Good to know………
I wanted to share with you a few ways that I keep my own dog’s critter FREE from fleas/ticks & worms. Natural Flea/Tick prevention for dogs Is usually best started at the end of February, beginning of March. After having a rest period over the wintering months. Now, I’m not one for using chemicals of any sort’s on my dogs. Dog owners I feel are pressured these days into to thinking this is the only way to keep our dogs safe from pest’s. Well, that’s just not the case. Toxic flea treatment work on the basis it breaks down the flea’s & ticks nervous system to kill. So imagine what it’s doing to your poor dog’s nervous system over time.
As with worms. The treatment your dog digests in pill form to kill those worms will be absorbed into your dog’s bloodstream. How can it possibly be safe for your dog when it’s a toxin and kills parasites. It doesn’t have the capability to differentiate between what it should kill and what it shouldn’t. Work that one out!
Fleas & Ticks
Firstly for fleas & ticks what I use:
Organic Raw Apple Cider Vinegar is your bug buster. It’s cheap to buy at no more than £3-4 a bottle.
For parasite Fleas/Ticks & Worms) feed to your dog 5 days out of 7, half a teaspoon per 10kg of body weight. Just pour it over their food. Fleas don’t like the alkaline balance that AC vinegar creates on the inside of your dog. (This will also help to eliminate worms)
For the outside of your dog, AC vinegar creates a more acidic environment which fleas detest. Make up a rinse to use weekly on your dog.
You will need…..
4 oz warm water
6 oz ACV, unfiltered and preferably organic
¼ tsp of sea salt or pink Himalayan salt
How to make it up……
Mix the ingredients in a small spray bottle and spray your dog’s coat and underbelly weekly. Avoid the eyes or any open wounds.
You can even wash your dog’s bedding in AC vinegar solution. For carpet, rugged, hard floor area’s a light dusting of DE powder (Diatomaceous earth). Leave for a couple of hours then hoover up. Please follow the guidelines and make sure you put your dog outside, you both don’t want to inhale the dust. Remember to make this a weekly routine, fleas can produce up to 50 eggs daily, eeewwww!
Shampoo your dog on a regular weekly basis if you suspect fleas. Use a shampoo that doesn’t contain harmful Parabens and sulphates. Dog shampoo with added Lemon balm or Lavender oils are really good. Lemon or lavender helps to ward off most bug biters! Neem shampoo bars are another good natural solution, I like the Ekoneem company. You can make natural essential oil sprays but please do your research first. Not all oils are safe for dogs or cats. Please avoid using essential oils on bandanas around your dog’s neck. This isn’t advisable. Oils can be pretty potent. If your dog is exposed to them for long periods of time this can cause all sorts of problems.
So, have you heard the buzz about feeding dog’s natural treats with hair, as in dried rabbits ears? Well, you’ve not overheard some weird conversation, it’s true. Feed your dog dried meat treats with fur, rabbit or venison ears, dehydrated meat treat. The hair act’s as a cleanser through your dog’s intestines. As it digest’s & works its way through the internal passages. It sweeps and collects up the parasites, these are then deposited in your dog poop. I like to give my dogs 1-2 treats with hair per week.
Use Pumpkin Seeds. Blend down to medium size choppy pieces ( dependant on your dog’s size) and sprinkle over your dog’s meals. I tend not to measure anything out. I sprinkle roughly a teaspoon per day over my dog’s food for 5 days. Giving them a rest for 2 days out of the 7.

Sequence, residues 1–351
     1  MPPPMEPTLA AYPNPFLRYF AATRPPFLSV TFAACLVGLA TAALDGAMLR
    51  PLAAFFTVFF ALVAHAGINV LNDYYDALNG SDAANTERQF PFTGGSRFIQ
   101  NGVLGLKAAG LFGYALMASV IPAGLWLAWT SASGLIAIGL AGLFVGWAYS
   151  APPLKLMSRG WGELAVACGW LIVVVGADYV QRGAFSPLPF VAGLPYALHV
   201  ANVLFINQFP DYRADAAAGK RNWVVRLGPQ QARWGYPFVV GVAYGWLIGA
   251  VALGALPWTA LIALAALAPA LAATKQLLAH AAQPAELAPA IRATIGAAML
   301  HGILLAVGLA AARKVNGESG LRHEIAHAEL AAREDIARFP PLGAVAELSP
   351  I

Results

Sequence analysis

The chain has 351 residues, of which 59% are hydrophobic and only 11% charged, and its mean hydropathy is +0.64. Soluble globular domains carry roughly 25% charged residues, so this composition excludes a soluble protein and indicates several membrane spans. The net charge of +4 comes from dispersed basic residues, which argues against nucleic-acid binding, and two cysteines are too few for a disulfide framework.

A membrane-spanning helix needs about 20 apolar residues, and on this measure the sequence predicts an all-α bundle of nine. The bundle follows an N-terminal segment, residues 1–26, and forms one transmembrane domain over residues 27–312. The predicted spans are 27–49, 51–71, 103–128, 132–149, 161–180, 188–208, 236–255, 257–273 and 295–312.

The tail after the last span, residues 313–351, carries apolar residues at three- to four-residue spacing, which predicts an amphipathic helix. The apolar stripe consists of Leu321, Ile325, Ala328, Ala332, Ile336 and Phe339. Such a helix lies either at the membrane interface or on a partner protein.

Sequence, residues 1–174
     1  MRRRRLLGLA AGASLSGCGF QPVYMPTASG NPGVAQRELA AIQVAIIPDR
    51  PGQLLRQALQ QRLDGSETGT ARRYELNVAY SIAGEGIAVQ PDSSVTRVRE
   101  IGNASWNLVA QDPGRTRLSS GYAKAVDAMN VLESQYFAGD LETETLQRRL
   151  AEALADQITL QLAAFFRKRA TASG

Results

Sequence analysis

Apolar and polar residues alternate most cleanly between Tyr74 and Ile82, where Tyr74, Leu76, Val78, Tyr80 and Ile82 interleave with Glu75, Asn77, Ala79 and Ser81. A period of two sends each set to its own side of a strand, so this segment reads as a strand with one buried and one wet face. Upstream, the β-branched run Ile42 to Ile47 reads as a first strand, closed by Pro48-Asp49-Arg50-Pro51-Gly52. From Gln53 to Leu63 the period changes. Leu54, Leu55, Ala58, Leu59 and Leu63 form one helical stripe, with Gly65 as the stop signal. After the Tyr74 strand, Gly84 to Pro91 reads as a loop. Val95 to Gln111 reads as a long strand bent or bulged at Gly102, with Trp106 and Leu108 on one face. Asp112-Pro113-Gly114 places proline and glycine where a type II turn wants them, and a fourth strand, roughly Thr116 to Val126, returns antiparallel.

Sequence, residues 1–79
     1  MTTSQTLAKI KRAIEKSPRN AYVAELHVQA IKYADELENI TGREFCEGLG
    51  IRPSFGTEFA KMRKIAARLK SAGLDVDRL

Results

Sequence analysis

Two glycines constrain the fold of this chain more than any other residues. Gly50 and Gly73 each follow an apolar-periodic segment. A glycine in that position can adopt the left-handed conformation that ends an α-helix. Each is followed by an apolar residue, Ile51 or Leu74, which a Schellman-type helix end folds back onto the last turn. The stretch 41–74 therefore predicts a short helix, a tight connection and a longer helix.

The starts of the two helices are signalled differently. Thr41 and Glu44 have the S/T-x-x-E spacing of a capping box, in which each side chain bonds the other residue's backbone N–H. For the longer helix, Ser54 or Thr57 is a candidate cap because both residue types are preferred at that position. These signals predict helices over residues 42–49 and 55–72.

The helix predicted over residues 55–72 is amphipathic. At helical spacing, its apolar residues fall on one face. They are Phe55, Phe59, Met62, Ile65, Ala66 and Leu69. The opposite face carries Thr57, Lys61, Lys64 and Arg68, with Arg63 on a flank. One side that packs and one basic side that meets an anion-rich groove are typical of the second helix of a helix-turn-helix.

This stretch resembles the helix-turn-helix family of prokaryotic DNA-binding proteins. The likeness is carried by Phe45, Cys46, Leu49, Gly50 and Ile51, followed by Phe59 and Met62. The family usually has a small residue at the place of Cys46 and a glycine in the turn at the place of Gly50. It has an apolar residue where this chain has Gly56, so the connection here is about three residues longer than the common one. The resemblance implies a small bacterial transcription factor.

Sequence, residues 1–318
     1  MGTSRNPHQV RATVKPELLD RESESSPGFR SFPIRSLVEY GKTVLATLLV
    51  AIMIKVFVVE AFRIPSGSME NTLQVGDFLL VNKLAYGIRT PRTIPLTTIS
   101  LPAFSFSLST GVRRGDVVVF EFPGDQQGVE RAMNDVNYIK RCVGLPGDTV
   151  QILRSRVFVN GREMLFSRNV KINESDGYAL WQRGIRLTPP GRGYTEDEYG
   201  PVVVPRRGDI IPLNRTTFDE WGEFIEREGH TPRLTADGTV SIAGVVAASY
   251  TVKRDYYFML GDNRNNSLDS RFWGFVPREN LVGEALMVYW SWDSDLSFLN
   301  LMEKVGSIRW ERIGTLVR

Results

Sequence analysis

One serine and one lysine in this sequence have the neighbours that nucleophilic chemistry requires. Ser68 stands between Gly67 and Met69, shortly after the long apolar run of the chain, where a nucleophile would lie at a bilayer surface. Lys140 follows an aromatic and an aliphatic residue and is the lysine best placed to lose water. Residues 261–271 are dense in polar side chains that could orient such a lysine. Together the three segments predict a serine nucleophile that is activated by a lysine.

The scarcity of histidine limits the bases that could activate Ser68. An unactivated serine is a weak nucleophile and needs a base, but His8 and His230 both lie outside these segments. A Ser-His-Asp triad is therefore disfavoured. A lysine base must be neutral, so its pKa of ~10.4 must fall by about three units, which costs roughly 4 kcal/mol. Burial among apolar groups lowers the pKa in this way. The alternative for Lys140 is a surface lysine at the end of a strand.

I think the advice is a quarter of a teaspoon per 10lb of body weight. Pumpkin seeds are amazing, they contain a natural substance called cucurbitin. Which paralyze the worms. Cue the primal hairy dehydrated rabbits ears, dead worm get’s caught up & swept away, I like to call it the clean sweep!
Pumpkin seeds have many more positives other than worm patrol. They are loaded with protein, amino acids, fibre, iron, copper, phosphorus and magnesium, calcium, zinc, potassium, folic acid and niacin. All important nutrients to your pet’s overall good health. So it’s a win-win! Always buy organic as to avoid pesticides.
It’s becoming more & more evident with research. Owners own experiences that there are many benefits to feeding your dog a fresh diet. As opposed to dry, lifeless kibble. Feeding fresh will bolster your dog’s immune system. Many parasites take advantage of dogs with poor/weakened immune systems. Don’t fancy feeding a raw diet (it’s not for everyone) then try to gently cook human grade meat proteins. Add to the kibble diet. You could try and take a spoonful of kibble out of the bowl and add some cooked meat or fish.
Add gently steamed veg with a fresh garlic clove to your dog’s food. Garlic IS SAFE for your dog regardless of those scaremongering articles you’ve probably read online somewhere. You’d have to feed many, many whole garlic bulbs for it to be toxic. Give to your dog an eating experience they deserve. Whilst in the knowledge you’re building up their health & wellbeing and longevity.
How to know if your dog really has worms?
It’s called a Worm Count test. So why try and guess or presume your dog has worms. This would be crazy. Every 3-6 months I send off for a test kit. It’s from a company called Wormcount. You take a small sample of your dogs poo over a couple of days. Pop into little pots and post off, within a few day’s you receive your results. I find this test really useful, especially regarding Lungworm. Lungworm can be fatal if not detected early. It’s spread from foxes/hedgehogs and slugs. This is the only time I would use a chemical worming procedure should my dog test positive for it.
Love & Woofs Nellie & Jo x